Unfortunately, there is not one magic trick that will lead you to the major and career that is perfect for you. Finding one that is a good fit can be an extremely messy and stressful process. I would know, I’m still in the middle of that process. However, in my time exploring major options, I have found a few tips that have been helpful for me in narrowing down what I want to major in.
- Differentiate between what you want as a hobby and a career
During my freshman orientation, I received one of the first and arguably best piece of advice from my ACES advisor. He gave my group a list of majors and told us to check the ones that we were interested in. I went through that list and checked off probably about 100 of them, ranging from Philosophy to Chemistry. When I met with him, he took one look at my list and laughed, saying I had checked off the most out of anyone in my group. He started going through the list and explained that while I may be interested and passionate about a lot of these things, I should decide what I want to have as a hobby and what I want to do for my career. He gave the example of how he loved painting and was good at it, but when he took art classes in college, he hated it. He realized he didn’t have to major in art to still enjoy and appreciate it. This gave me a different perspective that I hadn’t considered before. Previously, I felt like I needed to include all of my interests, or at least as many of them as possible, in my major, and that really isn’t necessary. Yes, I like working with kids, but I don’t need to do that as my job. I’m fine just having my own children. Yes, I love theater, but I can just watch shows. I don’t need to dedicate my life to it. Yes, I love designing houses but it’s not something I want to do 5 days a week for the rest of my life. If you have a long list of interests like me, try going through it and sorting out which ones you want to do for the rest of your life and which ones you are fine with keeping just as a hobby.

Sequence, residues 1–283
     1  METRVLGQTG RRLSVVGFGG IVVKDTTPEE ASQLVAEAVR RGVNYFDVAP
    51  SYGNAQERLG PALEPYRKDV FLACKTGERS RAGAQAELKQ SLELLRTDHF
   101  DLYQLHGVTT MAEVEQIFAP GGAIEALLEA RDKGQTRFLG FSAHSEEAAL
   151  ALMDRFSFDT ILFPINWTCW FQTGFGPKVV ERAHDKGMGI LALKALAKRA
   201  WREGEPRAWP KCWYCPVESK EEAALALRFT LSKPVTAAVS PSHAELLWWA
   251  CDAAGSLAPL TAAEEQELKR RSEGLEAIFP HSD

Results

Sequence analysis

- Make a list of your strengths, weaknesses, and interests
Through my major exploration journey, I have done a lot of introspection. I evaluated my values, my past experiences, and my skills to figure out what major would be the best fit for me. What really helped me in organizing this was listing out all my strengths, weaknesses, and interests. I took this list and looked at potential majors as well as careers and analyzed which I would enjoy most and be the most successful in. For example, one of my weaknesses is that I am not the most creative person, so I decided digital media and design wouldn’t be the best major for me. While doing this, try not to listen to or follow what other people want you to do. Do what is best for you. Spend some time thinking about yourself and who you are as a person and use this perspective when exploring different majors and career paths.
- Look at the major requirements
A great way to see if you want to major in something or not is to look at what classes you will actually be taking to complete that major. Make a list of a few majors that you are interested in and review the plan of study and their corresponding course descriptions. Highlight all the classes that sound interesting to you. Take a look at the list and see which major has the most highlighted classes. This process can help give you a better perspective of what the major is all about. That being said, if there is a major you are interested in that has some tougher classes, don’t rule it out. You are only going to be in undergrad for about 4 years. Grind through those hard classes if the outcome will be graduating with a major and career opportunities that you’ll love.
- Look at potential career opportunities
If you find yourself becoming more interested in a major, look at what career paths are associated with this major. This can give you potential ideas of what you can do with that major after you graduate. Also, do some research on these career paths. Look up real job postings on job search engines like Handshake and Indeed.com and see if you are interested in the job description and tasks. However, keep in mind that one major is not necessarily connected to just one career path. While there are exceptions, you can get any job with any major. Graduates with degrees in Human Development and Family Sciences have gotten jobs in Finance. Graduates with degrees in Molecular and Cell Biology have gotten jobs in Marketing. Graduates with degrees in Mathematics have gotten jobs in art museums. Even with these positions, you are most likely not going to stay in the same position or career for your whole life. You are going to move around. By researching these careers, you can get some insight into what you can do for a career.
I understand that picking a major is extremely stressful and overwhelming. It is ok. Take your time and thoroughly explore to find what is the best fit for you. You don’t need to find the ‘perfect’ major either, one might not exist for you. Just find a major that interests you and one that will make you happy and excited to learn. While you do have until the end of sophomore year to declare, still be diligent. Continuously introspect and research different careers and majors, even do a job shadow if you want. It seems very stressful now, but it will all work out in the end.
I would encourage you to also make an appointment to talk to a Career Coach at the Center for Career Development to explore your major options further.